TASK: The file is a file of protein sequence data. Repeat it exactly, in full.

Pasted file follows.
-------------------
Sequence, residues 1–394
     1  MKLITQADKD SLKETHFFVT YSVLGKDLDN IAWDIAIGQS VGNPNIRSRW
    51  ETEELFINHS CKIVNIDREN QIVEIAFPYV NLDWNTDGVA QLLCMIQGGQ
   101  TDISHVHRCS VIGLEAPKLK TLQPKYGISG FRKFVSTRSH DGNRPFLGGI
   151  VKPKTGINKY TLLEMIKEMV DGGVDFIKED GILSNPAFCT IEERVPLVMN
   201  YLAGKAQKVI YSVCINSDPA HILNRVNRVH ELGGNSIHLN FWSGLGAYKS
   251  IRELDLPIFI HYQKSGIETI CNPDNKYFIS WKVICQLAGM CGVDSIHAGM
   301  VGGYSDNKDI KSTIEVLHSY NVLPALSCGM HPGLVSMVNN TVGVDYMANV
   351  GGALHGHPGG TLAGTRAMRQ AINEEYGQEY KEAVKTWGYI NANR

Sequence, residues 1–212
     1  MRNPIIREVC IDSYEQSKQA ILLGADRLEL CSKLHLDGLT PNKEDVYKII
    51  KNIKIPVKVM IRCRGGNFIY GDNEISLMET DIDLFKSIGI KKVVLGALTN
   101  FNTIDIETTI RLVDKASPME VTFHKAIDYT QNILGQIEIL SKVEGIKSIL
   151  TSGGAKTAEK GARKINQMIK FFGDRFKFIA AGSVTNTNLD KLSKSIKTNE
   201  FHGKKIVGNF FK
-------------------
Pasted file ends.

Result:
Sequence, residues 1–394
     1  MKLITQADKD SLKETHFFVT YSVLGKDLDN IAWDIAIGQS VGNPNIRSRW
    51  ETEELFINHS CKIVNIDREN QIVEIAFPYV NLDWNTDGVA QLLCMIQGGQ
   101  TDISHVHRCS VIGLEAPKLK TLQPKYGISG FRKFVSTRSH DGNRPFLGGI
   151  VKPKTGINKY TLLEMIKEMV DGGVDFIKED GILSNPAFCT IEERVPLVMN
   201  YLAGKAQKVI YSVCINSDPA HILNRVNRVH ELGGNSIHLN FWSGLGAYKS
   251  IRELDLPIFI HYQKSGIETI CNPDNKYFIS WKVICQLAGM CGVDSIHAGM
   301  VGGYSDNKDI KSTIEVLHSY NVLPALSCGM HPGLVSMVNN TVGVDYMANV
   351  GGALHGHPGG TLAGTRAMRQ AINEEYGQEY KEAVKTWGYI NANR

Sequence, residues 1–212
     1  MRNPIIREVC IDSYEQSKQA ILLGADRLEL CSKLHLDGLT PNKEDVYKII
    51  KNIKIPVKVM IRCRGGNFIY GDNEISLMET DIDLFKSIGI KKVVLGALTN
   101  FNTIDIETTI RLVDKASPME VTFHKAIDYT QNILGQIEIL SKVEGIKSIL
   151  TSGGAKTAEK GARKINQMIK FFGDRFKFIA AGSVTNTNLD KLSKSIKTNE
   201  FHGKKIVGNF FK